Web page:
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October 28, 2011MADISON - This may sound funny, but the biggest hangover the Wisconsin football team has had in recent memory may have happened 30,000-feet above ground.
Shortly after taking in a stunning and abrupt loss in East Lansing, the UW football team had the chore of traveling back to Madison in the dead of night.
"The plane ride home was silent," UW's junior center Peter Konz said. "Everything hurts a lot more after a loss."
It's fair to qualify that statement. Everything hurts a lot more after a loss, both mentally and physically.
"You try to sleep but you just can't," UW's senior right guard Kevin Zeitler said. "I think I was up until four in the morning. I couldn't sleep.
"I tried studying because I was disgusted with myself."
So many things can be second-guessed when a game unfolds like UW's did a week ago at Michigan State. Think about the emotional roller coaster the Badgers endured, given a lot of it was brought on by itself and its own inadequacies or mental miscues.
UW looked like it was about to blow out the Spartans by jumping up 14-0 in the first quarter. Then, in just a blink of the eye, it seemed as though Michigan State was going to blow out the Badgers. They went on a 31-3 scoring binge after falling behind two scores to take a 14-point lead of their own.
Then UW rallied to tie it. And Michigan State countered with a play that will do nothing but live famously or infamously on, depending how you look at it.
Jared Abbrederis, UW's most productive receiver in that game, represents a microcosm of how that game went. Yes, he was responsible for helping the offense move the chains, but he also dropped a key pass late in the game that might have gone for a touchdown.
"It went up in the lights and I lost it," Abbrederis said. "Then at the last second I found it again. Obviously I should have had it. It was just lost in the lights. I've still got to make the play."
He also had an opportunity to bat down the 'Hail Mary,' but a mistimed jump let the ball ricochet off a facemask and into the hands of an unassuming Keith Nichol.
Or is it?
According to several offensive players there hasn't been any indication in practice that the team hasn't recovered. Many players were flying around, many players were making plays and people were laughing during post-practice interviews. The team was loose.
Life seemed to be as normal as it could this week.
"We can't let there be a hangover effect," Zeitler said. "We've got to keep trudging along and taking every game week-by-week. People say it's hard to forget the past. You can't be like that here.
"You've got to just keep moving on."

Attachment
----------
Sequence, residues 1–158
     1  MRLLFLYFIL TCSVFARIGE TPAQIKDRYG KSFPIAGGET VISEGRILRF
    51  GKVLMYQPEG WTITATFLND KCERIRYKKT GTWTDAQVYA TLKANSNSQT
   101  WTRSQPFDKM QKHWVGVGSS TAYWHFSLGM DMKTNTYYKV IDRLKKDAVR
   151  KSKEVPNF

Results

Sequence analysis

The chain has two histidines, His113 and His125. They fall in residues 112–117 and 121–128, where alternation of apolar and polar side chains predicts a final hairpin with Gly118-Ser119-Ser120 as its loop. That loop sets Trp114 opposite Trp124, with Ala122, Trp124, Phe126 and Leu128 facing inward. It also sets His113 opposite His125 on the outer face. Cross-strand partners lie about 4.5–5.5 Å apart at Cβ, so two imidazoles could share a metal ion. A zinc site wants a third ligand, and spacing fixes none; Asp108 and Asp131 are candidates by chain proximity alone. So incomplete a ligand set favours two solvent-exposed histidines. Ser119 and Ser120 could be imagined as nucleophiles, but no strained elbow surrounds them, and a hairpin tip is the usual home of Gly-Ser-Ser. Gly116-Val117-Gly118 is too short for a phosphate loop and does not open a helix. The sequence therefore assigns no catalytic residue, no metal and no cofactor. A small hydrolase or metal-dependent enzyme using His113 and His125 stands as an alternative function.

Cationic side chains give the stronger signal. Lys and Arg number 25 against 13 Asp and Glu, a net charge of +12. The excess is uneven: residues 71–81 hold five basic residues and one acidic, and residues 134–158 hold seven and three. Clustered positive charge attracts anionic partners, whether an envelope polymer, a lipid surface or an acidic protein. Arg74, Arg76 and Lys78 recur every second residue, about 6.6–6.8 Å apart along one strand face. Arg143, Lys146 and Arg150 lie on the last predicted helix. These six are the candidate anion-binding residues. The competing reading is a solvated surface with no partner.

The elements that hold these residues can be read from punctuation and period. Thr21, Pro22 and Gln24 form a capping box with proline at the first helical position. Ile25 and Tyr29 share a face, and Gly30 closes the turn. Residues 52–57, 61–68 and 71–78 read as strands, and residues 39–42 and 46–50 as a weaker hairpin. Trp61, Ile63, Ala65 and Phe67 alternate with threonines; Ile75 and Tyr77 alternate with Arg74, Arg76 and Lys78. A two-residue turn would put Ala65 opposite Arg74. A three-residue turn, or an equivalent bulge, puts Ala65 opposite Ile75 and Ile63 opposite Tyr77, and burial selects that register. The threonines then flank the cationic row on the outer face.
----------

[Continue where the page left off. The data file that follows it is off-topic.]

But that's easier said than done. Plays like that, losses like that don't just go by the wayside. You can't just kick it to the curb because it's always there. It's a bacteria. It's being replayed, people are talking about it and it represents the only blemish on UW's current record.
Just as taking one too many shots will make someone feel queasy the next morning, a 44-yard 'Hail Mary' will linger into the next week no matter what anybody says to suggest against it.
It's just about fighting through it.
"If there is a mistake in practice you've got to call somebody out," Konz said. "It's going to be that much harder against Ohio State and you're not going to want to screw up. If you screw up now that's fine, but you've got to get on it now.
"When it comes time for the game you've got to be confident enough to go in with that kind of thinking."
Ohio State isn't nearly as good as it has been in the past. Don't mistake that with them having a lack of talent because that's still there. The bottom line, though, is they've already lost at home and two other times this year.
They're just not the Buckeye's of yesteryear, or last year for that matter. UW will have a golden opportunity to get back on the left side of the column with a win.
Maybe now, at least in UW's camp, that priority has been recategorized with the devastation that came with a last-second, walk-off loss.
"I think this might bring back an edge," Konz said. "Maybe we'll refocus and all of a sudden we'll realize that we're not perfect and that we've got that monkey off our back. We'll realize that we're not perfect and that we can't just walk on the field and expect when you get up by 14 you're just going to roll.
"It's kind of nice to know that we're going to have this little edge."